So, the Sergeant held off taking the last dose until paramedics arrived and rushed them both to the hospital. Now, he knows the team should have been stocked with more medication: two doses per person, he says.
Culley, a former member of the narcotics task force himself, also learned from that experience. He’s now trying to quadruple the department’s naloxone supply by year’s end. Since the incident, Culley says other law enforcement agencies have been bombarding him for information about naloxone and his department’s naloxone policy.
“Without question this is something that you have to have,” Culley said. “You are taking a huge risk if you aren’t equipping your officers with this. Not only is it affecting law enforcement, it’s affecting the public.”
The Office of National Drug Control Policy recently released fentanyl safety recommendations for first responders, which can be read here.
It was early 2016 when Justin Saens, a father of six, was looking for some relief from the pain. A bad motorcycle accident in front of his home left Saens an amputee. It also made it hard for him to work, and when Saens lost his health insurance, his sister Margaret says Justin turned to a guy selling what he thought were Norco pain pills online.
Saens had no idea there was a batch of fentanyl-laced Norco pills going around Northern California at the time, which killed 12 people and led to at least 52 overdoses.
The pill Saens took in April, his family would later learn, was also laced with fentanyl. Investigators, according to the criminal complaint against the man who sold Saens the pill, suspected Saens’ pill came from the same batch that had already left a trail of dead.
Justin’s sister, Margaret, vividly remembers waking up to the screams of her mother, who found Justin slumped over and unresponsive in his room.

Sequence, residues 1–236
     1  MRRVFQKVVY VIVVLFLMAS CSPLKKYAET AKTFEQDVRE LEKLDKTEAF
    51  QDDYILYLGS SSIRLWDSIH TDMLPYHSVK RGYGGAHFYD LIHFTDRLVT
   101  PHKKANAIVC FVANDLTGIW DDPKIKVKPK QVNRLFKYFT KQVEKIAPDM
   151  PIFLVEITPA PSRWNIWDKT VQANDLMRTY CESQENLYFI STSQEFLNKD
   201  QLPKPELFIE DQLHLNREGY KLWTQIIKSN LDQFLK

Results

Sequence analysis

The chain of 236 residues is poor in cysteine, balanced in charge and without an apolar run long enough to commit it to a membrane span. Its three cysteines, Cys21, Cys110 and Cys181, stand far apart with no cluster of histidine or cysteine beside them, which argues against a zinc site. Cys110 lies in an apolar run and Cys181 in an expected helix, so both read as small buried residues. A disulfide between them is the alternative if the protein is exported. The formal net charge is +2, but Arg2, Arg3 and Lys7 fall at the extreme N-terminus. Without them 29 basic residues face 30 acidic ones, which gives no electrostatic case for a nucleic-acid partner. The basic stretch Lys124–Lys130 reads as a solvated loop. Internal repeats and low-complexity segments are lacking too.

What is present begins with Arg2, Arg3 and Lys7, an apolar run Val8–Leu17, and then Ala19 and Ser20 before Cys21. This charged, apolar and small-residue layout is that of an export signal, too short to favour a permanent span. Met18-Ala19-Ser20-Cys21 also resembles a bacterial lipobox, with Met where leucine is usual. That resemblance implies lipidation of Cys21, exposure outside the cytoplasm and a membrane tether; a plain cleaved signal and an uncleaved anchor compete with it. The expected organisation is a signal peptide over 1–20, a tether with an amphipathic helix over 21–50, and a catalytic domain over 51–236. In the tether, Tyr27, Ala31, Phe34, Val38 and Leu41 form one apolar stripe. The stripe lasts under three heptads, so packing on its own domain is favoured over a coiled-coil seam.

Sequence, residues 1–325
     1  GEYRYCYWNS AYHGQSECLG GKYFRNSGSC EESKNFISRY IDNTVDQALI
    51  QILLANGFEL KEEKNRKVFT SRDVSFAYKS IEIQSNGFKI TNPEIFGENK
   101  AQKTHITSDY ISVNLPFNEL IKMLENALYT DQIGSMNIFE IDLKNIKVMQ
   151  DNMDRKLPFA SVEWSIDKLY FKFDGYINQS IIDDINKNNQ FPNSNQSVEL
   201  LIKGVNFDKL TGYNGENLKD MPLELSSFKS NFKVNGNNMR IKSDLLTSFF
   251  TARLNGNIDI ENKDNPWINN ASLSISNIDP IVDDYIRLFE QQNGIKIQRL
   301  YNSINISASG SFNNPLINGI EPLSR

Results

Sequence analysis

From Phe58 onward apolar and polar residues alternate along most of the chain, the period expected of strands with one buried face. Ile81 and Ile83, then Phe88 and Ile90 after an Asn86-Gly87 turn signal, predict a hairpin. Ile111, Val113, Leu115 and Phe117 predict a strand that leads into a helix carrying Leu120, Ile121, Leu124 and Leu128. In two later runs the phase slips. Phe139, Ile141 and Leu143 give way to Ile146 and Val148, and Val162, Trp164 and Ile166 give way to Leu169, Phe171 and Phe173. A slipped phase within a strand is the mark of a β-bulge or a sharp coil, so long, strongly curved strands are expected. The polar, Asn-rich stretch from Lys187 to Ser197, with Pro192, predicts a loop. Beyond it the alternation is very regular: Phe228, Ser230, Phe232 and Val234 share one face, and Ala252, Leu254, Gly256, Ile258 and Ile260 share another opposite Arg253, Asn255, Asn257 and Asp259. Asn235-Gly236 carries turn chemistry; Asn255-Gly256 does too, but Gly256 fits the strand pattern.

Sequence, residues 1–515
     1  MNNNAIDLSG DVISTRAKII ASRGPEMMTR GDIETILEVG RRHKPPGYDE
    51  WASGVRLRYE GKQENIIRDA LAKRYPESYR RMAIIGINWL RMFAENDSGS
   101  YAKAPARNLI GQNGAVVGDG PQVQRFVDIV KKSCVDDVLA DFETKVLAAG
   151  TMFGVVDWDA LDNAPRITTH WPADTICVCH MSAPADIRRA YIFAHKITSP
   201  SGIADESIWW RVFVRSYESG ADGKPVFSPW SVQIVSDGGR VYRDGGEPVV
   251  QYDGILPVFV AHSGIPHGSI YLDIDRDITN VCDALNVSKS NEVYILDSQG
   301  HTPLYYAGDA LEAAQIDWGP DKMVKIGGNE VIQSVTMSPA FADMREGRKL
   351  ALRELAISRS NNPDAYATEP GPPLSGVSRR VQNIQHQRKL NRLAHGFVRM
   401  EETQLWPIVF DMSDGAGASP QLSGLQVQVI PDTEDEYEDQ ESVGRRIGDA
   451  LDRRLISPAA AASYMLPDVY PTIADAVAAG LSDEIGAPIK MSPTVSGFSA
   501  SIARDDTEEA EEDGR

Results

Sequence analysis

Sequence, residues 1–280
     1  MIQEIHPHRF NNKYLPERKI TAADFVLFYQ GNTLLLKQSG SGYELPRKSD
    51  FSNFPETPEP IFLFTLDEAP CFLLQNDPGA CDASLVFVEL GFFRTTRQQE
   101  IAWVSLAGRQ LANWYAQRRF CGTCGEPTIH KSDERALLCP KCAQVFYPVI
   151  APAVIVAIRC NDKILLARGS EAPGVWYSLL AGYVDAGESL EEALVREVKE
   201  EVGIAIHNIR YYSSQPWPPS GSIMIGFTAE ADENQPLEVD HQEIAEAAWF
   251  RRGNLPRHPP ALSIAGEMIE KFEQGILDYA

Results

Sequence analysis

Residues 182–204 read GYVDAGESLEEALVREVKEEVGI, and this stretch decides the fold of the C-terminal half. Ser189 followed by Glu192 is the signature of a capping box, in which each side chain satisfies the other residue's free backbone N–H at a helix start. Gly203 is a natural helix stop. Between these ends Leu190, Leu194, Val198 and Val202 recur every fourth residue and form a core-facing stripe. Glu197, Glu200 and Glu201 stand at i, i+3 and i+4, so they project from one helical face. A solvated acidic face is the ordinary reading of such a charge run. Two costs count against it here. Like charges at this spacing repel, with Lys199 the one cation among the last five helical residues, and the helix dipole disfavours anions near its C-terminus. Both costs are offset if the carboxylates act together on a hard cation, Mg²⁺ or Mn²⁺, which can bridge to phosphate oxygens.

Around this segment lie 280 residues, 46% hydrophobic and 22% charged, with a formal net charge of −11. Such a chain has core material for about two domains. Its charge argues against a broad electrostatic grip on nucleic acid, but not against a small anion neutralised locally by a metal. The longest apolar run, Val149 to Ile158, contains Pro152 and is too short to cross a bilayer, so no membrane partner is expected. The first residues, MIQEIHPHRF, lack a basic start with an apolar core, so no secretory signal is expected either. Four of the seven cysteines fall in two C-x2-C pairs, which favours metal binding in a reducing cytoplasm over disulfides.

“Firefighters go in and they check on him, and they apologize to me, say they are sorry, there is nothing we can do, he’s already gone,” Margaret Saens said. “I hear my dad crying, I hear my mom crying, and I just break down. No one should have to see what we saw. The last time I saw my brother was in a body bag being hauled away.”
Saens is now trying to warn people about the dangers of fentanyl.
"The pill looked just like a regular Norco pill, just like he had taken before to ease his pain," Saens said. "But whoever manufactured the pill broke it down and added fentanyl."
Her brother was not an addict, she said, just a regular, good-hearted guy trying to get some relief from the chronic pain that dogged him since his accident.
“He wasn’t a junkie, he was just a normal guy,” Saens said. “He was on disability. He loved his kids. He loved his family. He was our world.”
The OD Map tool wasn’t around when Saens died. But supporters of OD Map say if it had been in place during that rash of overdoses, police might have been able to track the overdoses in real time and respond more quickly.
“With this tool, when we have an OD in one community, they are able to anticipate where those drugs are going to go, the poisonous ones that are killing people instantaneously, and warn those people and hopefully reduce the number of deaths we are having,” said Mike Sena, Executive Director of the Northern California High Intensity Drug Trafficking Area program and the Northern California Regional Intelligence Center.
“The problem that we currently have, though, is we aren’t able to capture the statistics of those overdoses across California effectively.”
Sena said OD Map asks first responders to input three pieces of information on their cell phone: Where the overdose occurred, whether it was fatal, and if first responders administered naloxone.
OD Map, Sena said, is being widely used on the East Coast. But he’s trying to get more law enforcement and public health agencies on the West Coast to get on board. So far, he says, 16 California agencies have signed up.
“We can’t wait,” Sena said. “The longer we wait, the more risk we impose to our communities, and that’s my plea to each agency out there.”
Click here for more information on OD Map from the High Intensity Drug Trafficking Area program.
For Margaret Saens, who later helped law enforcement track down and arrest the man who sold Justin the pill, said the pain of losing her brother won’t ever go away. But she’s counting on Bay Area agencies to embrace this new tool that can help protect others from opioid overdoses.
“If you are going to help save someone else’s family member, why wouldn’t you do it?” she said.